You spin me right around baby, right around

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By Chris Battaglia

I haven’t owned a bike in years. I’ve always preferred walking to biking — I don’t have to keep an eye out for Michael Bryant when I’m walking and I can arrive at destinations without the sweat.

See, stamina’s not my thing. I can lift heavy things, but don’t ask me to run anywhere. I’m a walker for a reason.

So when choosing a fitness class to attend, a cardio class involving bikes would seem like the worst one I could pick. But the Eyeopener editors loved the idea and so I went.

It’s called spinning, which is an odd choice because the weighted flywheel on the bike is the only thing spinning. You’re pedaling. Why name it after what the machine is doing? You don’t pick up your car keys and say, “I’m going for an internal combustion.”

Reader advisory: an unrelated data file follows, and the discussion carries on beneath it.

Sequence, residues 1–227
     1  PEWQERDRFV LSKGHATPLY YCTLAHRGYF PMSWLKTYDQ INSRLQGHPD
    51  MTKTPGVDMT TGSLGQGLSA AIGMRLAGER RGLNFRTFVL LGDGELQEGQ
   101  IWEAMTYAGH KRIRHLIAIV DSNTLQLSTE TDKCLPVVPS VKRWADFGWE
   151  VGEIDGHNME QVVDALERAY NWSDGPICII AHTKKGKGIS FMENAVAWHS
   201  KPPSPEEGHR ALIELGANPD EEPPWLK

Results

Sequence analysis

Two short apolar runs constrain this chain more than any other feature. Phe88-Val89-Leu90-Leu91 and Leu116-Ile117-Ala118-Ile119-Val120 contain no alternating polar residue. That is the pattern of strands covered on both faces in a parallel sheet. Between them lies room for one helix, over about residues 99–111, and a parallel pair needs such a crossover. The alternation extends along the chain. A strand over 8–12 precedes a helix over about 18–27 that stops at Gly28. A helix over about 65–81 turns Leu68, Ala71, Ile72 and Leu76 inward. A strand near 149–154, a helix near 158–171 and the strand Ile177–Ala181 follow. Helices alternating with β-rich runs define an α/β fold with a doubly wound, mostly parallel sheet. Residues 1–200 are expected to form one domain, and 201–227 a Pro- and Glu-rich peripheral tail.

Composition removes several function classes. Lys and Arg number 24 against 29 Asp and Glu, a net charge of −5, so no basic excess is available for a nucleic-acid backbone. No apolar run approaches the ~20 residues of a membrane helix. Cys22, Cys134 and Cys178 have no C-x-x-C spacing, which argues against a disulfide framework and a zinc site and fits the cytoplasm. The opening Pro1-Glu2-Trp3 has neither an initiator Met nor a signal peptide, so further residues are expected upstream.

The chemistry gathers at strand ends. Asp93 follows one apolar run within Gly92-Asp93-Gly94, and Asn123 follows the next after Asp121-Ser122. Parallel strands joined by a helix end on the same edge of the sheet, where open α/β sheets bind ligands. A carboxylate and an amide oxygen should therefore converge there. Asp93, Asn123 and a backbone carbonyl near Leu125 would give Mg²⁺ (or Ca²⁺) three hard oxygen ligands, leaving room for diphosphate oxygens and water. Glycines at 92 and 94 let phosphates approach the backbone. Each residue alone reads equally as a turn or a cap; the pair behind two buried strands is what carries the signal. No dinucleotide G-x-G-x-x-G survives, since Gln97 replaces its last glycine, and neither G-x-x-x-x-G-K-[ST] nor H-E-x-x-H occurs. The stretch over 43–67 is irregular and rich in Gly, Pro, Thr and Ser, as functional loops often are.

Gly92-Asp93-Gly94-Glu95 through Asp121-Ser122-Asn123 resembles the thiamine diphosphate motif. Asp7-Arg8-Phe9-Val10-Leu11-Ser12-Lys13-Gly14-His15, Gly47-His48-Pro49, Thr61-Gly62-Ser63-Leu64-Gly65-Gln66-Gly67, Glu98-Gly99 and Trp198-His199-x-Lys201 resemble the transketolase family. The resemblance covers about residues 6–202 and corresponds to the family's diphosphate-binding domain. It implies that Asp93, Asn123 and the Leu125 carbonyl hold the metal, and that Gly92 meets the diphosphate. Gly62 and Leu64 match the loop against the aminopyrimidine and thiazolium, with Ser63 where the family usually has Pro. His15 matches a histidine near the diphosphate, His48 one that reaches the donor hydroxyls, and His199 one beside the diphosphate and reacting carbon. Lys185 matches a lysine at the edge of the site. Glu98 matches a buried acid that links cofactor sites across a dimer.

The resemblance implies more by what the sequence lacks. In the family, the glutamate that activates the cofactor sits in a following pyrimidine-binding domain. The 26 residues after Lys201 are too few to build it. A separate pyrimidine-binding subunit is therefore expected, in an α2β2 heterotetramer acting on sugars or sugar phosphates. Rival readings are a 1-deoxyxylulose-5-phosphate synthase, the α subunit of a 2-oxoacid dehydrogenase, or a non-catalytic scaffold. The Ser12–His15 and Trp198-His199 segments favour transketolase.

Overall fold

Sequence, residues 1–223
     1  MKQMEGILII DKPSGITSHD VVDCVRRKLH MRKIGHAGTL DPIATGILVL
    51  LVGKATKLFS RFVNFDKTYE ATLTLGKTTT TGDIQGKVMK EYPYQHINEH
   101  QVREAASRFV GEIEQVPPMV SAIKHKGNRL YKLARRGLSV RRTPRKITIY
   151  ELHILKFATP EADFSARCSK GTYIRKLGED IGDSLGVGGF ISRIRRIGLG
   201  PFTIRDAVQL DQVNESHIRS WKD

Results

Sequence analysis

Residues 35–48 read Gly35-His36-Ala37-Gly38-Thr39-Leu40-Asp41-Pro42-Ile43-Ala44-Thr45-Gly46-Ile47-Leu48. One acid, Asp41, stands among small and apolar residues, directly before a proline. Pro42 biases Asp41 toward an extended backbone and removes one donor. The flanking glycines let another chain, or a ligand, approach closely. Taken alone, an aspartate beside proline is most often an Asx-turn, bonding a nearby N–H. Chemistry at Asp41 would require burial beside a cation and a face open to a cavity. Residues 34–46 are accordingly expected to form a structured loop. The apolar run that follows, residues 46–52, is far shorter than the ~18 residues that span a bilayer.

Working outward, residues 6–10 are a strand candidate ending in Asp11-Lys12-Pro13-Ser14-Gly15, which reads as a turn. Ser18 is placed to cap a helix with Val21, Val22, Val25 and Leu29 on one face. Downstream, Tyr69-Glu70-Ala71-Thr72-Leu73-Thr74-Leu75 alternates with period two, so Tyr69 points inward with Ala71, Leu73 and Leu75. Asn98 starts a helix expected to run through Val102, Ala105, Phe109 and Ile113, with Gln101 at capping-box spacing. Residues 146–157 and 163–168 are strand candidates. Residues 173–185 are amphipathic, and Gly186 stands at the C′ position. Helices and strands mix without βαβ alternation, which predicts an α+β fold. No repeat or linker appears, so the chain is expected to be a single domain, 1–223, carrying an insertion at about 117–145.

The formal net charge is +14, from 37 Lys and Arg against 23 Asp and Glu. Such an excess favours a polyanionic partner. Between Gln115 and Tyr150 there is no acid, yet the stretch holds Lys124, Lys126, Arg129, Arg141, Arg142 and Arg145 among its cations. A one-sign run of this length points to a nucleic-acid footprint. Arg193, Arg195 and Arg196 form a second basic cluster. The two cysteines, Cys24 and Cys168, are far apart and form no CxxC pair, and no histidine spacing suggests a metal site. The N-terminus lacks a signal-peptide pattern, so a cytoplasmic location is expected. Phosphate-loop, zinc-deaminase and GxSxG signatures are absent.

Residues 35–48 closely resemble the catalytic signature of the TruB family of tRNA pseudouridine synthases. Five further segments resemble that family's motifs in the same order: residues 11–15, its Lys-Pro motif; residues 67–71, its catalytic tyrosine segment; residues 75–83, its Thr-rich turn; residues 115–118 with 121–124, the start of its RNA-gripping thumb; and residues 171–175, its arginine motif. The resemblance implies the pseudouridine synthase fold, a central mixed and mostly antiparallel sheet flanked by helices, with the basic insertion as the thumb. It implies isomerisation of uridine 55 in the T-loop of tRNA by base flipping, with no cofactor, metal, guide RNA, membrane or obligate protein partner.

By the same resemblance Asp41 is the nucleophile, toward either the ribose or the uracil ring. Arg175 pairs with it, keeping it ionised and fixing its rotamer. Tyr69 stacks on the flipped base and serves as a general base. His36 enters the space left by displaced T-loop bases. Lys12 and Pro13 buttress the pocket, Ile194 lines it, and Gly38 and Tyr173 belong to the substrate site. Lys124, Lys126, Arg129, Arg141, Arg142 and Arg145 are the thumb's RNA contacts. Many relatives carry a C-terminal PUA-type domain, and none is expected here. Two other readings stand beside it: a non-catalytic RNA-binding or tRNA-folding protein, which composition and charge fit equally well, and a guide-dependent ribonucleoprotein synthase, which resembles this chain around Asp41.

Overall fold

Spinning is essentially a stationary group bike ride through an imaginary countryside, set to ambient pop music. Leading us on this fantasy was Cherilee Garofano, who was quite understanding of the fact that this wasn’t exactly my thing.

The class felt like a tight-knit community of supportive people, the type you want beside you while you ride over pretend hills and race to the pretend finish.

But the workout is far from pretend. I was worn out by the end of the warmup. My legs were hurting after five minutes. And to top it off, I had buckets of sweat seeping into my shirt.

Somehow I made it to the end of the class, but that’s not to say I kept up with everyone. Good thing the bikes were stationary. Once I could walk again, I noticed what hurt the most was not my legs but the severe wedgie caused by the bike seat — yet another reason I don’t bike.

Spinning class is great for a high-intensity, low-impact workout in a welcoming group setting, but for now I’m going to stick to walking.

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